How to convert fluorescent tubes to LEDs using ballast bypass (Part 2)

Today at the House of Hacks, we're going togo from this to this.

[Intro] Hi Makers, Builders and Do-it-yourselfers.

Harley here.

In a previous video, I explained how to convert8' long fluorescent fixtures from fluorescent tubes to LED lights in a very quick and easyway.

However, this way was pretty expensive.

It involved just getting some ready-made 8'LED lights and those things are really pricey.

For some reason, the 8' LED tube replacementsare a whole lot more expensive than 2 4' LED replacement tubes.

The 8' tube replacement are $60 each whereasI picked up a 4 pack of 4' ones for $24.

I have no idea why.

And they've been this way for quite a while.

I picked up two pair last year I think itwas, and they were $60 and I just picked up two pair yesterday and they're still $60.

Same price.

It hasn't moved at all.

And it's pretty much the same price whetheryou buy it online or retail like I did.

There's usually a few dollars off buying onlinebut of course you have shipping and handling costs added to it so it ends up being a wash.

It's a real quick way to do it because youdon't need to replace ballast, you don't need to rewire anything, you just plug them inin replacement of the existing bulbs.

So, it's really quick.

It's more expensive getting the bulbs thatare designed for ballast.

However, in the 4' market you can buy tubesthat work either with ballast or without ballast.

And I have a fixture that needs some workon it.

The ballast is making noise and the tubesare flickering and so I wanted to replace them with LEDs.

But because the ballast is making noise, Iwant to do a ballast bypass and remove the ballast altogether.

And so I'm going to be demonstrating thatin today's video.

It is a little bit more work because you haveto take the ballast out and rewire things a little bit, but it's not a whole lot morework and you do remove one more component that could possibly fail on you.

So let's get started.

First remove the old bulbs.

It'd probably be a good idea to turn off thepower before doing this.

Yeah, do as I say, not as I do.

Now take the fixture down.

This will vary depending on how it's installed.

In my case, it's just sitting between thejoists on some 2x4s.

Next disconnect the mains power.

Be sure to have the power turned off.

You don't want to be working with live powerat this point.

On the bench, the fixture needs to be openedup.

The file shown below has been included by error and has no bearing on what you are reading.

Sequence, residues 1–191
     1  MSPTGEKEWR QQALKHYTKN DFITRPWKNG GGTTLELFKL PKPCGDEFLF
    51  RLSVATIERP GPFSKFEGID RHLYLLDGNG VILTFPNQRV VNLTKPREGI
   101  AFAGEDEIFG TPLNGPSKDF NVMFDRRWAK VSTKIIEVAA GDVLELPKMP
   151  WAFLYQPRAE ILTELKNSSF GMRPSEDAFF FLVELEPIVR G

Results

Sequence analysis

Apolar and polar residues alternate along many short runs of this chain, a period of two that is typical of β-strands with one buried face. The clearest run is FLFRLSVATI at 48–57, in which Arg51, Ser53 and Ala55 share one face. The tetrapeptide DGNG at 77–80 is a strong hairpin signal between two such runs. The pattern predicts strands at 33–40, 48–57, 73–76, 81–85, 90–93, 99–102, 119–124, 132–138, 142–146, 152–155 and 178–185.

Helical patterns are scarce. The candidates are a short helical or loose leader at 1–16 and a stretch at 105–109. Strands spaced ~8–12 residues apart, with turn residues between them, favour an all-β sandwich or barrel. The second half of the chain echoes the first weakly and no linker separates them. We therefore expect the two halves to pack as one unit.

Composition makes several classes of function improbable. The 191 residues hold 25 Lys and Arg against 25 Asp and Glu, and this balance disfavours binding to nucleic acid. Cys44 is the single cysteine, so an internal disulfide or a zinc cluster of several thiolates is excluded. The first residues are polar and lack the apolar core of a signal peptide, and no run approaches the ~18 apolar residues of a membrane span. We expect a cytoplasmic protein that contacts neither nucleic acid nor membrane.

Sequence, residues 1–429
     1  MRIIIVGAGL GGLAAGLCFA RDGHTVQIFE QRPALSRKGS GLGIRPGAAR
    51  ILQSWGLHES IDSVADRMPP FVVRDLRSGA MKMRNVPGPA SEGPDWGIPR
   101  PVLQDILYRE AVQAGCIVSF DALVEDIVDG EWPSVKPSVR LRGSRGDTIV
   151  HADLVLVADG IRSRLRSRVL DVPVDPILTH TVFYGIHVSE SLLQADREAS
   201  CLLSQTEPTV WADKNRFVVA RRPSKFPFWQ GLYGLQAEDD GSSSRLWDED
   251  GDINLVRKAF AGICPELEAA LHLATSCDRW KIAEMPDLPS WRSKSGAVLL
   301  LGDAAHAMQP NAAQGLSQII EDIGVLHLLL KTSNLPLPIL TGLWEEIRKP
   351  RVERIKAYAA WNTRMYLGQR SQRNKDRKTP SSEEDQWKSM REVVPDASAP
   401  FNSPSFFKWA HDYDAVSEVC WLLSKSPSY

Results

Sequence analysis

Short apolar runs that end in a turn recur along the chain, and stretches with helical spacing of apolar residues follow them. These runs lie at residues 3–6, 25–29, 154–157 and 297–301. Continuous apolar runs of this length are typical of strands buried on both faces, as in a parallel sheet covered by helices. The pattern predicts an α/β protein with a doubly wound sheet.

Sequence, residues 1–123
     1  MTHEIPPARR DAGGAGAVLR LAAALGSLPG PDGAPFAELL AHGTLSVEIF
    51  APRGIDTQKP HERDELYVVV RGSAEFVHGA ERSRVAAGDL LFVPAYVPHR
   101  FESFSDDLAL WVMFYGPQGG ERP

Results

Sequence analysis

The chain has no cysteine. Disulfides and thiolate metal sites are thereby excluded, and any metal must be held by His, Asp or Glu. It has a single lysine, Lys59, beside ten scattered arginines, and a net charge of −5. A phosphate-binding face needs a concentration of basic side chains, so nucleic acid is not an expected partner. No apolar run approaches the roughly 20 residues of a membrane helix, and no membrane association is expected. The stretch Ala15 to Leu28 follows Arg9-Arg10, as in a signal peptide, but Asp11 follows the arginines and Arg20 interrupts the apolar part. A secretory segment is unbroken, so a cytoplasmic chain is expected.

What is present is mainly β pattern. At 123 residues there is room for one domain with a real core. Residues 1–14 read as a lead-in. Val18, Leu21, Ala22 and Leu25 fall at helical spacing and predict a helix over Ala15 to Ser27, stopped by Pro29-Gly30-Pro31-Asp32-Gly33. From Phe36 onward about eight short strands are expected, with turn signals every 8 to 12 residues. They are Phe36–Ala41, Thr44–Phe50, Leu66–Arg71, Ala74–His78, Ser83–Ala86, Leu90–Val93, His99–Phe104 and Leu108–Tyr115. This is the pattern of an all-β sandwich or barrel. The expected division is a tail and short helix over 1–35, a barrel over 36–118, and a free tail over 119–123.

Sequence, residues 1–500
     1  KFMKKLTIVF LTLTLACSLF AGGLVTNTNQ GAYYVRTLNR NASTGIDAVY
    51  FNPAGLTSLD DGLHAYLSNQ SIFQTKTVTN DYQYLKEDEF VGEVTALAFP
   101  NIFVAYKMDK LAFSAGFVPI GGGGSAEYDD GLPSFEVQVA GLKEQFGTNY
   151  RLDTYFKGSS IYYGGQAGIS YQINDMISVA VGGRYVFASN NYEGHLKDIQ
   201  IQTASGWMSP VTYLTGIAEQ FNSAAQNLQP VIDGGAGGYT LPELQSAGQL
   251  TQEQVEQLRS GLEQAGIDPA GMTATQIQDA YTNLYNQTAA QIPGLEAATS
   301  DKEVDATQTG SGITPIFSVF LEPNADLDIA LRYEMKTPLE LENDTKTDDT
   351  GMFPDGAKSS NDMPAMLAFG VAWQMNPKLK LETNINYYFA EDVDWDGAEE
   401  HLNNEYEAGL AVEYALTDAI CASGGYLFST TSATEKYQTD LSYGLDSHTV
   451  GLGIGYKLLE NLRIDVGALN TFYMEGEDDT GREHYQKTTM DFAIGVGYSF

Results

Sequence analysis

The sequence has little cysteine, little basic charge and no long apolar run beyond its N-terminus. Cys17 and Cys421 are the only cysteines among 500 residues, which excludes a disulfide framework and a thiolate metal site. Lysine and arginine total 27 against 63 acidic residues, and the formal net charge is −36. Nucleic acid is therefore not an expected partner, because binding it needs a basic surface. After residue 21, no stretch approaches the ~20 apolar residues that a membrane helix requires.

This will vary depending on the type of lampyou have.

In my case, it's just a matter of removingtwo nuts.

And then the case just opens up.

Here we see where the sockets are connectedto the ballast.

Since we're removing the ballast, all theseconnectors get taken apart.

We need to do this on both sides of the fixture.

And we need to remove the mains wire fromthe ballast input.

Once all the electrial connections are separated, we can physically remove the ballast.

In this case, there are two screws with nutson them.

Other designs may have a single sheet metalscrew on one side and a slot on the other.

Now we need a short piece of wire to run fromthe center where the mains are connected to one end of the fixture.

I'm using some scrap 14/2 TPS cable I hadin the parts bin.

If you have to buy some, 3 feet should beplenty.

Now I prepare all the ends by stripping offabout 3/4" of insulation from each wire and twisting the strands so they don't fray aseasily.

I also strip the insulation from the 14/2cable.

Now comes the most technical part of thisproject.

Here we see each socket has two wires comingout of it.

On one end of the fixture, we want to connectone wire from each socket to the white wire and the other one to the black wire.

It's probably easiest to see this in a pictoraldiagram.

Hit pause on the video if you need to studythis.

Because I have four sockets on this fixture, I used some pigtails to keep from having a huge number of wires all in one wire nut.

When it's all put together, it looks likethis.

The sockets on the other end of the fixturedon't need any connection.

I just put wire nuts over the ends of thewires to keep them from potentially shorting anything out.

And then zip tied them together to keep themneat and tidy.

Finally I stripped the insulation back fromthe other end of the 14/2 cable.

We can see here, I'm not using the copperground from the new cable, but the existing ground that goes to the fixture.

And now it's a matter of reassembling thefixture.

And reconnecting the mains.

Again, make sure the power is off before doingthis! Reinstall the fixture.

In my case it's just a matter of droppingit back into place between the joists.

Finally, install the bulbs.

These particular bulbs have only one end thatconnects to the sockets with power, so if they don't work the first time, turn the bulbsaround end for end.

Turn on the power and enjoy your new lights! So give me a thumbs up if you found that helpful.

I really appreciate it.

And I really thank you for joining me on thiscontinuing creative journey that we're on.

Until next time, go make something.

Perfection's not required.

Fun is!.

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